And just as I’ve thought



It was just a matter of logging in via SSH.

Check for permissions

As I typed sudo -l, I discovered I can run a Python script /opt/remote-manage.py as root without supplying a password.

The contents of /opt/remote-manage.py:


This Python script opens a random port from 1025 to 65535 on localhost interface. To interact with it, I had to forward the port via SSH after running it. To do that while in SSH, type

~C # The prompt will change to ssh>

Luckily tmux was available in the box so I was able to open multiple window panes in one SSH session.


Examining the Python Script

The /opt/remote-manage.py seemed like a straightforward Python script but I didn’t recognize any easy and usual exploitation such as (a) hijacking the system command execution because the script did not use any user input when executing system command and (b) hijacking binaries and/or Python libraries because I was not allowed to set my own environment variables such as PATH and PYTHONPATH.

I looked up a statement found inside the Exception clause — pdb.post_mortem(e.__traceback__) — to see what it does and found out that pdb is Python Debugger and the post_mortem function allows the examination of the exception that took place. I had to trigger an exception to interact with the Python Debugger and I was able to do that in one of two ways: (a) enter one or more letter when I was asked “What do you wanna do:” — this will trigger a ValueError because the script expects an integer number or (b) issue a SIGINT by pressing CTRL+C —this will trigger a KeyboardInterrupt exception in Python.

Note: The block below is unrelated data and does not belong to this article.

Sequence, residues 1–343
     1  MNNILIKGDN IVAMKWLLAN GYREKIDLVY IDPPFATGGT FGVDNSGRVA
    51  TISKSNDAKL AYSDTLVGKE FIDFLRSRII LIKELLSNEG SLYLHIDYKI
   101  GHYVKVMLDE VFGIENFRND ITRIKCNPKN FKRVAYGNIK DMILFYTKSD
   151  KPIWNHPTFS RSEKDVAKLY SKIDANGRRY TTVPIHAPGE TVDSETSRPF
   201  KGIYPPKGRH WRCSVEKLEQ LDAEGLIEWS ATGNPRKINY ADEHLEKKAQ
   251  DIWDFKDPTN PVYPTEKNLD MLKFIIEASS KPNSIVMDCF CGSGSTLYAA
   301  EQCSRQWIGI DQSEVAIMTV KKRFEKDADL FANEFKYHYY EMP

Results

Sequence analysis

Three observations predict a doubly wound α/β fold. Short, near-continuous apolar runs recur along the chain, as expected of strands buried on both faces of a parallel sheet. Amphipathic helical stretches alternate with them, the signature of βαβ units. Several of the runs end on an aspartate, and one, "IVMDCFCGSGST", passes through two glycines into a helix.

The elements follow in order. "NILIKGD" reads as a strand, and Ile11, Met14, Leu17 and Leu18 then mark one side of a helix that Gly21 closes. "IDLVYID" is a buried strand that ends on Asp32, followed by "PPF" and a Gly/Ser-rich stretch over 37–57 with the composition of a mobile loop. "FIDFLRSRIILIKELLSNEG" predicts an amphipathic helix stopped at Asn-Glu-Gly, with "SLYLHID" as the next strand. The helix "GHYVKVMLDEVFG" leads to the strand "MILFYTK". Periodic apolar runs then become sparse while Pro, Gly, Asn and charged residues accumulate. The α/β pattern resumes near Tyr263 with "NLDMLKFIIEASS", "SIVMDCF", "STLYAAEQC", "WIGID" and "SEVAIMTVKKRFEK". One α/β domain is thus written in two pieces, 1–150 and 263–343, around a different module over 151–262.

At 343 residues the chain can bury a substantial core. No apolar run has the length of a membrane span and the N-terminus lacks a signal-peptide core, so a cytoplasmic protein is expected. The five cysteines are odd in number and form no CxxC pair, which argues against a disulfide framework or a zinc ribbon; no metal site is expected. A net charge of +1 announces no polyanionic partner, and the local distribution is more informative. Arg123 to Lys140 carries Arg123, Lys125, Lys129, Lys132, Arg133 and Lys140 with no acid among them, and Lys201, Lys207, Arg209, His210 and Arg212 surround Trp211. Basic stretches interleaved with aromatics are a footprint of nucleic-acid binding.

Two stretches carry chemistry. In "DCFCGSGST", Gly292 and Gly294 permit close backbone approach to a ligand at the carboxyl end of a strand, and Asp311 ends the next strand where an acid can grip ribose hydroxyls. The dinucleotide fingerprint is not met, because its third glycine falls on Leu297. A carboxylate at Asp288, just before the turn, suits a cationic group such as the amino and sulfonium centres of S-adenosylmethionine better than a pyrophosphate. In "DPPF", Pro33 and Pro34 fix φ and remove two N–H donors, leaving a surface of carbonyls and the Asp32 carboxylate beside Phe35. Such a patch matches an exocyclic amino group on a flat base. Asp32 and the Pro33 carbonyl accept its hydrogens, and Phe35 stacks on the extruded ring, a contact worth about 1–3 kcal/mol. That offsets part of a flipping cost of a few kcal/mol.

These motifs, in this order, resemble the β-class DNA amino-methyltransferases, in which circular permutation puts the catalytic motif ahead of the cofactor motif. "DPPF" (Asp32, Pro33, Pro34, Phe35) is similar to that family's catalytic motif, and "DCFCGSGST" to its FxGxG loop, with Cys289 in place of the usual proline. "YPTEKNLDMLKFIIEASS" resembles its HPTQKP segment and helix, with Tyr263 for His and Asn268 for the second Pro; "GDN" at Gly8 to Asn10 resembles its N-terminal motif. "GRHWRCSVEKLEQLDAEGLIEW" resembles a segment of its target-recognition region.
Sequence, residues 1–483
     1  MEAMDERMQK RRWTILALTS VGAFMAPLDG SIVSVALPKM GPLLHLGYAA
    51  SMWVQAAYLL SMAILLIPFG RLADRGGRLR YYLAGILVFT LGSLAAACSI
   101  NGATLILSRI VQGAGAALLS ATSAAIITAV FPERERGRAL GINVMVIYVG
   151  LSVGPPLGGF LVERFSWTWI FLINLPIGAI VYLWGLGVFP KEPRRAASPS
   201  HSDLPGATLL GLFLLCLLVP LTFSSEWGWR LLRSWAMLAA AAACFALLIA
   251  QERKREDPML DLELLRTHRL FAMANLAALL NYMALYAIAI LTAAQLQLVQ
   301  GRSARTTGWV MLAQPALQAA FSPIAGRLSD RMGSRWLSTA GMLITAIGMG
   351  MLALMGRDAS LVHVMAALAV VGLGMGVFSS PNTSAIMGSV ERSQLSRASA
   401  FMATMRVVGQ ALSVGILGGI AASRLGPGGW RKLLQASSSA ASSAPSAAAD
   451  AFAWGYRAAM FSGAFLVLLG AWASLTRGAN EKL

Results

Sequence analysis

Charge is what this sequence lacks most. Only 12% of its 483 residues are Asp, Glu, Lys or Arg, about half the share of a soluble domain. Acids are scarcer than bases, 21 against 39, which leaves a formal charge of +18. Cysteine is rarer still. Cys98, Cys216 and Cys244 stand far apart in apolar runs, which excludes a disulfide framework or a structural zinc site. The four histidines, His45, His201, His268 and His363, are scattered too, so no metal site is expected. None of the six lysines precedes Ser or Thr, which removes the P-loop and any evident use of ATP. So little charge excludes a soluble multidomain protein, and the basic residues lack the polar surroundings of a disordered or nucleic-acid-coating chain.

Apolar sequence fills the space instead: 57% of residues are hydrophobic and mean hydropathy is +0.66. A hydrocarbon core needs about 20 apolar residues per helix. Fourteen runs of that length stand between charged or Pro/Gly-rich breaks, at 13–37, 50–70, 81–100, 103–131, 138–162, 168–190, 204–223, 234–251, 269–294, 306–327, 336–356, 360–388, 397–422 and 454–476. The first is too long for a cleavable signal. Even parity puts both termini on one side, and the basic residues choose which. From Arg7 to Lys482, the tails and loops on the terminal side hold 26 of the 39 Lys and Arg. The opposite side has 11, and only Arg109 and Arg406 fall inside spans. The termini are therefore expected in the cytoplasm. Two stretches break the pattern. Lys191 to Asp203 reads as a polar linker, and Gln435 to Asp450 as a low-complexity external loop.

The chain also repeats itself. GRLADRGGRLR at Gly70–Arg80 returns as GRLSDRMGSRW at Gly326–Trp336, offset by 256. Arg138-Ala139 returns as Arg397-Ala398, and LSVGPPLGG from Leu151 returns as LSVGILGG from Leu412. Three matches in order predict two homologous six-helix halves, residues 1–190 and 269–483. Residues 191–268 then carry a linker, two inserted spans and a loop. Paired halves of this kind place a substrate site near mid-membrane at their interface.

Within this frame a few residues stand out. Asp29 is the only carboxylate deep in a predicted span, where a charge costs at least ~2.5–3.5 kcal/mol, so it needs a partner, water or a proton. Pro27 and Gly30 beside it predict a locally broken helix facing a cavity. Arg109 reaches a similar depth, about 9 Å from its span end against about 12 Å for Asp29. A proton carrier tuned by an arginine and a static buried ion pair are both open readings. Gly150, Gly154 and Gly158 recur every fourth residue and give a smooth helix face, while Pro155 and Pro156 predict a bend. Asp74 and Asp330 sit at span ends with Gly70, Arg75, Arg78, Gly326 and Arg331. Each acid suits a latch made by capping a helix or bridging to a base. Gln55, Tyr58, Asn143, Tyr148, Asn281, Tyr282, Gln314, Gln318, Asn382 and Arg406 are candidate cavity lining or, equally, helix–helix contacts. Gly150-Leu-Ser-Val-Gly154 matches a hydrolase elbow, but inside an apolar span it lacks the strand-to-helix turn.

To get to a Python interpreter from the Python Debugger, I issued the command

!import code; code.interact(local=vars())

From here on out, it was a piece of cake. All I had to do is to spawn a shell.

import os

And get root.txt


This box is a good introductory box for beginners without needing any guesswork when completing it. It teaches basic SSRF attacks and bypass & how to chain them to get more access. The Python script is a nice addition to the box because it presents a different way of exploiting Python scripts. Overall, I enjoyed completing Forge.